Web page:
This was quite the week in terms of changes to Project 180. Now, a look back:
CRITICISM, CONFUSION ARISE OVER DOWNTOWN PROJECTS
By Steve Lackmeyer
| Tuesday, February 9, 2010
Edition: CITY, Section: BUSINESS, Page 1B
Oklahoma City officials have spent the past few months trying to prepare downtown workers for what is expected to be the worst traffic nightmare in decades with most streets to be torn up and rebuilt over the next four years.
But some also worry about whether more headaches will follow with the same streets to be torn up all over for the installation of a streetcar system.
“In a perfect world you want to integrate the streetscapes with the streetcars,” said downtown architect Anthony McDermid, who brought up the issue at a recent strategic planning session with merchants, planners and property owners. “It seems that would at least be the preferred sequence.”
Assistant City Manager Cathy O’Connor and Assistant Public Works Director Laura Story don’t argue McDermid’s point — but they say the two projects are on, and will remain on two very different timetables.
Project 180 started a year ago when the city, working with Devon Energy, created a new tax increment finance district funded by future property taxes from the company’s new tower. The two parties, along with representatives and local schools, libraries and the county, agreed to use the proceeds to rebuild all downtown streets, sidewalks, parks and public spaces.
In comparison, as Project 180 was being launched in early 2009, the streetcar system was just one of dozens of ideas being debated on projects for a MAPS 3 sales tax ballot that wasn’t even scheduled until summer.
“We do have this agreement to do streets around Devon’s development by the time their building is done — and those could not have waited,” O’Connor said.
Pending city council approval and timely utility relocation, Story expects the first wave of Project 180 construction to start in May with crews tearing up Robinson, Park, Walker and Reno Avenues.
O’Connor and Story admit the Project 180 schedule is ambitious, and it requires utility relocation by Oklahoma Natural Gas, Oklahoma Gas & Electric, Trigen, Oklahoma City water and sewer, 22 telecommunications companies and more.
“What drives the schedule and the order of our work will be the utility relocation so that we don’t leave anyone out of work, out of power, out of water, out of communication,” Story said.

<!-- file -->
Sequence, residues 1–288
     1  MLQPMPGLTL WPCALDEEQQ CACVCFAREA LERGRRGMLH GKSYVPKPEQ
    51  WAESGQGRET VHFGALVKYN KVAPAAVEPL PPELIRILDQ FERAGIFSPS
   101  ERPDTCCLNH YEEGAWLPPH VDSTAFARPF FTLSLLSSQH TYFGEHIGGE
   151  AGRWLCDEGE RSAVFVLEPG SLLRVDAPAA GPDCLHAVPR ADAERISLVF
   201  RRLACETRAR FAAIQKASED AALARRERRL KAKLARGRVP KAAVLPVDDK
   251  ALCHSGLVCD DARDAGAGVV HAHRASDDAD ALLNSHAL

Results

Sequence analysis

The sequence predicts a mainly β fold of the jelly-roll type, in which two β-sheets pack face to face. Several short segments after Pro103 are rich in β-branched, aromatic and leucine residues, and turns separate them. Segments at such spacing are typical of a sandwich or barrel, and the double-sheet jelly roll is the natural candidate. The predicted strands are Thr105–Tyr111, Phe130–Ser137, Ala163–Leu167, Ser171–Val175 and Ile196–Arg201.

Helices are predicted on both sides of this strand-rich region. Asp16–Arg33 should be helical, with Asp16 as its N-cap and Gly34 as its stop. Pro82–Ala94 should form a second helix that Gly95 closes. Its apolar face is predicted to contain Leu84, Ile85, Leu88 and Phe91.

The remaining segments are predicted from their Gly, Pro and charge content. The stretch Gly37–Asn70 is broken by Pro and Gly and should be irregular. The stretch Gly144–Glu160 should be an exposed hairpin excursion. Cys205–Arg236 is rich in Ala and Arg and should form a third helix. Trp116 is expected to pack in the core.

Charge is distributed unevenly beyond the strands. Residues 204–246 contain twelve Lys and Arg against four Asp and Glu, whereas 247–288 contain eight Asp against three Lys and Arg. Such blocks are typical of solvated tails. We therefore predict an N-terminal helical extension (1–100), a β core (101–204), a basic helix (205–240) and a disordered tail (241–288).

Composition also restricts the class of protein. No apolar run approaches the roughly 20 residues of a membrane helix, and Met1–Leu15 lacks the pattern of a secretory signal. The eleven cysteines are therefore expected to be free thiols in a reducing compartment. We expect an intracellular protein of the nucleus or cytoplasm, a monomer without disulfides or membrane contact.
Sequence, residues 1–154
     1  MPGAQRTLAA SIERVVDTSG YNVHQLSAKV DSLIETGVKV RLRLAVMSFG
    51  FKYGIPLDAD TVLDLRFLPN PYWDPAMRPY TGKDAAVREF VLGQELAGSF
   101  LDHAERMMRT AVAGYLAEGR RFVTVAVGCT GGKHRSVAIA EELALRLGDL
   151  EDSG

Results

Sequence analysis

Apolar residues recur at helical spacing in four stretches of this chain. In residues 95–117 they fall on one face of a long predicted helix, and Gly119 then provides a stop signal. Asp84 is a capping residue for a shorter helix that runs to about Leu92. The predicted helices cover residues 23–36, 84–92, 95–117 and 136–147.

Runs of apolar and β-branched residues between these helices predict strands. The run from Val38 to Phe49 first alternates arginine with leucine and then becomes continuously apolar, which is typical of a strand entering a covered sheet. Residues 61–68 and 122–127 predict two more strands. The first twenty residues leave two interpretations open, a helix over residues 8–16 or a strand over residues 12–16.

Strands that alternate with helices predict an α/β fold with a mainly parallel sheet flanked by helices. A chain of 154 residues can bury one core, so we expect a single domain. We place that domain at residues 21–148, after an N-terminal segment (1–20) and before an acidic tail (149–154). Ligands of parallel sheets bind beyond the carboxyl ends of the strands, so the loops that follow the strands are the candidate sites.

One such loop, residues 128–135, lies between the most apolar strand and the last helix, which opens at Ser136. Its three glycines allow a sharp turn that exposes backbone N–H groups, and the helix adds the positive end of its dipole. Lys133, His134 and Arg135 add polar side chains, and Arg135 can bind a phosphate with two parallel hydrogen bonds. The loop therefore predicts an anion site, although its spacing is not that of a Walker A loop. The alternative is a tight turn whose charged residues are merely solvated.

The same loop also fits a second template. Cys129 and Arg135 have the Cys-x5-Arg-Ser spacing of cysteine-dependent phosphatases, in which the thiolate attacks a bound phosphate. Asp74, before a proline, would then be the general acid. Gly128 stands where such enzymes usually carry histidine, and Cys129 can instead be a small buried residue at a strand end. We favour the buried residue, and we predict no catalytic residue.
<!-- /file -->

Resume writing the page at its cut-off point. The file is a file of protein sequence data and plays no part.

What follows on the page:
With all this in play, some downtown workers like courier Travis Smith still wonder why Project 180 can’t be delayed until work starts on the streetcar system.
“I think that should be the first MAPS 3 project started,” Smith said. “Give it a year or two and we can get all done at once.”
O’Conner notes no schedule is set for MAPS 3 and won’t be until a citizens oversight board is created by the mayor that can investigate the timing of the project.
“I think the park has been talked about being one of the early projects with the boulevard construction coming up,” O’Connor said. “Figuring out where the convention center goes is an early project. And from there I think it will all fall in place.”
And with such tasks still ahead, O’Connor and Story say they don’t expect streetcar construction to begin until 2020 – six years after work is to be completed on Project 180.
Using a stretch of Sheridan Avenue between Robinson and Hudson as an example of expected scheduling, Story said the street likely will be torn up for up to 18 months for Project 180 with traffic in the area being constricted to just one lane.
Story expects the streetcar work on that same block, if chosen for the route, to take only three months with less than one lane being closed for the job.
Story said city engineers are doing all they can to design the Project 180 improvements in such a way that there will be minimal disruption for the streetcar work.
They already know they have to clear anything made of iron within four feet of any track. Story said utility relocations also are being planned to accommodate future streetcar installation.
O’Connor suggests downtown workers already are getting a glimpse of what’s ahead with all but one lane of Sheridan closed for utility relocation under way just south of the Devon tower site.
“It’s like the closure of Sheridan now for Devon,” O’Connor said. “It’s painful, but you get used to it. You still get through it.”